We can now proceed to the main event. George Demos announced Friday that he was dropping out of the Republican primary race in New York's 1st Congressional District, so the way is officially cleared for the bout to watch on Long Island this year. Republican Randy Altschuler will again try to unseat incumbent Democrat Tim Bishop.

The contest two years ago had a razor-thin margin, and this year's rematch promises to be every bit as exciting. It might not be Ali-Frazier II, but with scant few competitive races on Long Island this year, it will do for a media and electorate itching to see a fight.

In 2010, Bishop won by a mere 593 votes out of around 200,000 cast. But it could be even more competitive this year. Political analysts are looking at several factors that could swing votes, and therefore the election.

Most important could be that Altschuler pulled off the endorsement of the Independence Party, a ballot line that Bishop had in 2010. Bishop received 7,370 votes on that line -- way more than he won by. This alone could make Altschuler the favorite this year. But it isn't the only factor that will affect the outcome.

Two years ago, the winner was in doubt until the official recount was over and all the absentee ballots were counted. Surprising to many veteran campaign observers, Bishop actually picked up votes among the absentees. With a large number of wealthy travelers, second-home owners and military ballots, a Republican should always win the absentee voters in this area. Without being privy to either campaign's playbook, I think the best explanation is that Bishop's campaign had one bang-up absentee ballot program, or at least a far better one than Altschuler's campaign. That oversight is not likely to be repeated this year.

Then there are the wild-card factors that could have a deciding effect. One is the certain infusion of cash on both sides from super PACs. The 2010 Supreme Court decision in Citizens United v. Federal Election Commission opened the floodgates on how much money unions, corporations and individuals could funnel into races, and its effect was already visible two years ago. After the race, Bishop wrote in this paper that more than $1 million from anonymous donors had been spent to try to unseat him. With this year's race again on the national radar, a repeat is almost a certainty. Expect a lot more to be spent promoting and attacking both candidates.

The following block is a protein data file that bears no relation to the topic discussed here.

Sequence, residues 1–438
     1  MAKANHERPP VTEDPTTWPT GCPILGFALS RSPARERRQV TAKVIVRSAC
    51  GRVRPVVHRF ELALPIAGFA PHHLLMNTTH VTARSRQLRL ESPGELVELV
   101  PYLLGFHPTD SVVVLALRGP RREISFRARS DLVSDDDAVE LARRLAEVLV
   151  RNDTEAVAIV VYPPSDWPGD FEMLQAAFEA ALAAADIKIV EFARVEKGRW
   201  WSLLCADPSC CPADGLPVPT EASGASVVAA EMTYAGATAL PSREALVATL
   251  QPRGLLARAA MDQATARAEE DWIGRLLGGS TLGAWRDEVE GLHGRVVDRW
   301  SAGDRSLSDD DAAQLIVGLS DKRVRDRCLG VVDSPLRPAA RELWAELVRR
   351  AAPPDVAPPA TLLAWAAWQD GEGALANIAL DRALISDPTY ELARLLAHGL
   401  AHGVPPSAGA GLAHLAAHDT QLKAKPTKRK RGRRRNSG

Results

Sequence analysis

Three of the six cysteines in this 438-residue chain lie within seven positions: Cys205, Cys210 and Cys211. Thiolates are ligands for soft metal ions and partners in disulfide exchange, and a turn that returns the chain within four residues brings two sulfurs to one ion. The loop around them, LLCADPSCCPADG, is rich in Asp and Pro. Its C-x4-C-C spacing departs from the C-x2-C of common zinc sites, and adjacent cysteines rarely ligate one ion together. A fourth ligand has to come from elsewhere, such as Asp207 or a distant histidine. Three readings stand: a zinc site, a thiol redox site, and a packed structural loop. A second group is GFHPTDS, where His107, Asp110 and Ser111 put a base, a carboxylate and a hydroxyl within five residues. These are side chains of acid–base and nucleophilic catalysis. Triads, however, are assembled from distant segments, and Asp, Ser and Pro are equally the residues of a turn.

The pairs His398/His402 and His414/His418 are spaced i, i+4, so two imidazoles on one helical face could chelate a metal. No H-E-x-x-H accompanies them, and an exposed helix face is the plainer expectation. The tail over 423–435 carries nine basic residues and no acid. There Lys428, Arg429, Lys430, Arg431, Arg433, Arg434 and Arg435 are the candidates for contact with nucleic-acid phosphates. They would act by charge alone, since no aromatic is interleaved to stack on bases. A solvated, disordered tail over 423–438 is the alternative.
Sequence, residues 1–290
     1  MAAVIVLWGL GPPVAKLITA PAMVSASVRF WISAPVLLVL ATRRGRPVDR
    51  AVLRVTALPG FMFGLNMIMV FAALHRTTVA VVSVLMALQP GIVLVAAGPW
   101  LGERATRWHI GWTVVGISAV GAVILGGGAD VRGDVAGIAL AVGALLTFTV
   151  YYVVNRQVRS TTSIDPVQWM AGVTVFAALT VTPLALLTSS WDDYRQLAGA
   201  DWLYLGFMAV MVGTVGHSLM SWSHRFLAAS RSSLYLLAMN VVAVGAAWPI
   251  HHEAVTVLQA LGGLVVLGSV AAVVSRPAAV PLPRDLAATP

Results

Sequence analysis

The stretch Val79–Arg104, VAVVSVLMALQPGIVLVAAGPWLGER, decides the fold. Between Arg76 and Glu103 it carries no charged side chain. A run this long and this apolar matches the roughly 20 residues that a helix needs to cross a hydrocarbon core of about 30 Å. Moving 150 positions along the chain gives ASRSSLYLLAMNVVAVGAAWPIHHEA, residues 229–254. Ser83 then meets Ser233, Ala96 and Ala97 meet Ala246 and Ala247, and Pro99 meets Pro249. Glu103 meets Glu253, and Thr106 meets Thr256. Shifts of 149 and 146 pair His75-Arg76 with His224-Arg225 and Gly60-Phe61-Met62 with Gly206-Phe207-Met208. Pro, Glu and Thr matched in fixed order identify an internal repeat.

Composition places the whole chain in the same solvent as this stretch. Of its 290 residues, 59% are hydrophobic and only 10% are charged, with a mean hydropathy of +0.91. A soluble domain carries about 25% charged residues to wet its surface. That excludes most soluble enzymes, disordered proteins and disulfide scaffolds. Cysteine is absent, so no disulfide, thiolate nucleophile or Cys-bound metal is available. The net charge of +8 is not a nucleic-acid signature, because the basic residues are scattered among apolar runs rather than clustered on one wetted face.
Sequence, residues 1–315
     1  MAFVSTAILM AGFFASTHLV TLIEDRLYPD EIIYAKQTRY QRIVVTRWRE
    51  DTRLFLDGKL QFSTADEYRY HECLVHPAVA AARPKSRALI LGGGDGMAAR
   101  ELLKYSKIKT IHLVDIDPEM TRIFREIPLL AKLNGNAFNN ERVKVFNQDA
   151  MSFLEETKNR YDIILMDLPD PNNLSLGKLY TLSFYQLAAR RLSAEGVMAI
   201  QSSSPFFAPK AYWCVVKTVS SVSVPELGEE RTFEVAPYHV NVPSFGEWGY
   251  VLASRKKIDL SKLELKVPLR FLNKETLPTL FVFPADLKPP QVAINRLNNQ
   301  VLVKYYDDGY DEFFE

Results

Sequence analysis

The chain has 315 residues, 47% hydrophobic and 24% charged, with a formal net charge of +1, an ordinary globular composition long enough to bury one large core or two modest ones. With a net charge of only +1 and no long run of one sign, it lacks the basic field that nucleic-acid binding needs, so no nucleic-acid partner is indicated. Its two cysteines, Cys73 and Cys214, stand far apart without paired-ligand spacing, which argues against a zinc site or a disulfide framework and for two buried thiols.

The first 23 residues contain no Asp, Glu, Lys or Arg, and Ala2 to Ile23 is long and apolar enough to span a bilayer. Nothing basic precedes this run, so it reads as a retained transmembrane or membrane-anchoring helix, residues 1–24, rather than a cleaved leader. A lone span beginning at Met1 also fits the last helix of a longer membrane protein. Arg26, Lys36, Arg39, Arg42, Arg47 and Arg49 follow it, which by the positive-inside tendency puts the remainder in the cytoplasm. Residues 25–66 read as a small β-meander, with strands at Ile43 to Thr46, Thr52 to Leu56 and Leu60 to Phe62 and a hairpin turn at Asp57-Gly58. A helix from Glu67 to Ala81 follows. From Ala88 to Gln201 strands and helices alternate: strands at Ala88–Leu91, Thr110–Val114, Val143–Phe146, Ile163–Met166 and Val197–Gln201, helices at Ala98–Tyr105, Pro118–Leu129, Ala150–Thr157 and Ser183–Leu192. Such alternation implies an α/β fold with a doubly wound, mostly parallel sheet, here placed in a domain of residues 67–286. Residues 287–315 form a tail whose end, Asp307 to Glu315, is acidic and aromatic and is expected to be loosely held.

The biggest unknown factor might very well be the effect of the presidential race. My company's current polls in the district have President Barack Obama in the mid- to high-40s (about 47 percent) to Mitt Romney's low 40s (about 41 percent). Anytime incumbent presidents are below 50 percent, they are vulnerable.

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The current numbers promise a presidential contest in this district that is every bit as competitive as the race for Congress. The presidential race affects not only how people might vote but who'll come out to the polls in the first place. Four years ago, for example, young people voted for the first time in record numbers, for Obama.

Demos' departure sounded the bell for round one -- and both camps used the occasion to throw some punches. Voters can expect to be inundated with television and radio commercials, mailings and telephone calls. In this race, the price of democracy promises to be very steep indeed. But for a rare contested seat in the Congress, the money will be there to pay it.

Michael Dawidziak is a political consultant and pollster.